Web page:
I recently received a notification from the Chancery of the Archdiocese, and the very same notification from the Passionist Provincial Office, warning of a scam that is targeting parishes and religious houses, whereby a person, or persons unknown, spin a very plausible story to try and elicit substantial sums of money under false pretences. It would seem that many places in England had been duped by this and now the scam has moved north. Of course, scams of all kinds are commonplace now, and there will be very few of us who have not been the victims of, at least, an attempted scam. Perhaps I am naïve, but it seems to me that scams are much more sinister and malicious than they were in the past, targeting the vulnerable as much as anyone else. Over the years, as a priest, I have listened to some extraordinary stories from people who came to the door of the monastery looking for money. Most of them were scams, but they often had a kind of entertainment value, and a kind of innocence, whereby I thought even the person spinning the story didn’t expect me to believe it. Sometimes I would give the person something for sheer creativity, and I often thought it would be good to have a kind of Booker prize, or a Bafta award, for the best story or performance.
Shortly after I was ordained, I was in my room in St. Mungo’s, when the community vicar (assistant superior) came to my door and asked if I could spare an hour or two. He had been in the parlour listening to a good yarn being spun by a gentleman who simply had to get to London that night. In the unlikely scenario of the story being true the vicar discreetly decided that, instead of giving him money, he would take him to the bus station and buy him a ticket. As the vicar didn’t drive, he asked if I would act as chauffeur. I drove them to Buchanan Street bus station and waited while the ticket was purchased. The vicar waited until our friend got on the bus and the bus pulled out of the station. When he got back into the car, he asked me if I fancied a run to Hamilton, which was the first stop on the way to London. I agreed and off we went. We got there before the bus and waited. When the bus pulled in to the bus station our friend made to get off, but when he saw the vicar standing there, he sheepishly got back on the bus again. So, at the very least, he would have to go as far as Carlisle, which was the next stop. We never saw him again.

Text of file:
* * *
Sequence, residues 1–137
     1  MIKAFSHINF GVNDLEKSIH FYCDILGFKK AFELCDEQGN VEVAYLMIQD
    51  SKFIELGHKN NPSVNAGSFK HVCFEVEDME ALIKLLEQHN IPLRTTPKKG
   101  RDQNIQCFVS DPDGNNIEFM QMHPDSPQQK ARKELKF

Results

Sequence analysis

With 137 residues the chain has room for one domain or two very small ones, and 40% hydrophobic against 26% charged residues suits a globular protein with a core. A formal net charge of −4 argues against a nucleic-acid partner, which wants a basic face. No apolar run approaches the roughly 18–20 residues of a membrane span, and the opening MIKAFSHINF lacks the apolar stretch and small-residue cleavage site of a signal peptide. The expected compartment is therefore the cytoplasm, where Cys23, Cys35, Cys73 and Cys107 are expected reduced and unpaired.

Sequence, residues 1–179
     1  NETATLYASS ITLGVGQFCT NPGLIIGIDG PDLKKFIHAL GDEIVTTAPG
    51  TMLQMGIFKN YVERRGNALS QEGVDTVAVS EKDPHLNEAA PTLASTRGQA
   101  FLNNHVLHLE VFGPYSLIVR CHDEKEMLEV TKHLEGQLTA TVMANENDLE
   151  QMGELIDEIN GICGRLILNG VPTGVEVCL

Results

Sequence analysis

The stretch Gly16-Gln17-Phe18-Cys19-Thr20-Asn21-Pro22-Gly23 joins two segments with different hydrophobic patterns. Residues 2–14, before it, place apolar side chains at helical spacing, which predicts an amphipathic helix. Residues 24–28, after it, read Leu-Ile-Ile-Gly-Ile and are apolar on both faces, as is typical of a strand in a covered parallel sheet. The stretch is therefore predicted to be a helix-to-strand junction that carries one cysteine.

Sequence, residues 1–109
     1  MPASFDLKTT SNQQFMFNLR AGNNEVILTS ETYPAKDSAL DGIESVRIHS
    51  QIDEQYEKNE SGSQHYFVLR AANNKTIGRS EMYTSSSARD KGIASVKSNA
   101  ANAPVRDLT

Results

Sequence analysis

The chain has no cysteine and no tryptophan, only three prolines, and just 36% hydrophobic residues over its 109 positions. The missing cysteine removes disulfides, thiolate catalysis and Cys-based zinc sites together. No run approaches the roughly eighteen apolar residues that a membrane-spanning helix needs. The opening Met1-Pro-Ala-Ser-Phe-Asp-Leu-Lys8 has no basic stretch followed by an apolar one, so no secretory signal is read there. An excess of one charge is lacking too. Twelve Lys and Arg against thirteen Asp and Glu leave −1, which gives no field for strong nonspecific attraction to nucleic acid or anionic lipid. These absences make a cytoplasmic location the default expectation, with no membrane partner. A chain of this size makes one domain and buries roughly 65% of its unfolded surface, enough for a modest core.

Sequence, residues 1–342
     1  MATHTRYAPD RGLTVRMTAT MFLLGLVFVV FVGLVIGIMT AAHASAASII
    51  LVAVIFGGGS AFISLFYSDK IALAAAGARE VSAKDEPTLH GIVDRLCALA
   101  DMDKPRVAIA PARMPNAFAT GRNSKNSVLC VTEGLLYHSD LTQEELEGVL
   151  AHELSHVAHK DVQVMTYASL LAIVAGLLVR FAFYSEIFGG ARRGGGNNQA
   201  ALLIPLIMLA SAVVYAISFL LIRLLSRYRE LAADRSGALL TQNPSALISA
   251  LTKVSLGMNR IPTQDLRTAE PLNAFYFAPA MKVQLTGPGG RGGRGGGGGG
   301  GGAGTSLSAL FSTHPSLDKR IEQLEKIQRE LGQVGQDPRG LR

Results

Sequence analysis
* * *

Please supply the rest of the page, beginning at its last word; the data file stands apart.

Another colleague at the time in St. Mungo’s, gave a man a few pounds after listening to a long story, but then followed him down the High Street and watched him turn into the Old College Bar. As the man ordered his pint and whisky chaser, my colleague stepped in beside him and said to the barman, “make mine a double”. Our friend’s eyes nearly popped out of his head. At the end of a very long day’s duty, I remember the doorbell ringing late at night. I brought the visitor into the parlour and, about 10 minutes into his story, which was obviously a contender for Jackanory, I stopped him and told him I was just too tired, and asked how much he was looking for. He said “£10”. I said, “I’ll give you £5”. He said, “Brilliant!” About 5 minutes after I bade him farewell the doorbell rang again. I could have wept, but when I opened the door, there was my friend again. He handed me a single Lemsip and said, “Father, why don’t you take this and go to bed, it might do you good”. I could only laugh.
I remember we had a head teacher at secondary school who would hover around, waiting to catch anybody who was arriving late. I was frequently late as I had to rely on 2 buses from Drumchapel to the City Centre, and then from the City Centre out to the school. However, he would wait until he had gathered a few latecomers; he would then invite us to come up with a story as to why we were late. It didn’t need to be true, it just needed to be as entertaining as possible. The person with the best story would avoid punishment; the rest paid the price.
Back at the ranch, Fr. Gareth has been home in Wales and returns tonight; Fr. Antony is painting the fence and is as brown as a berry; Fr. Justinian is enjoying lockdown easing.
So, as ever, protect yourselves, others and loved ones, and protect Christ in your lives.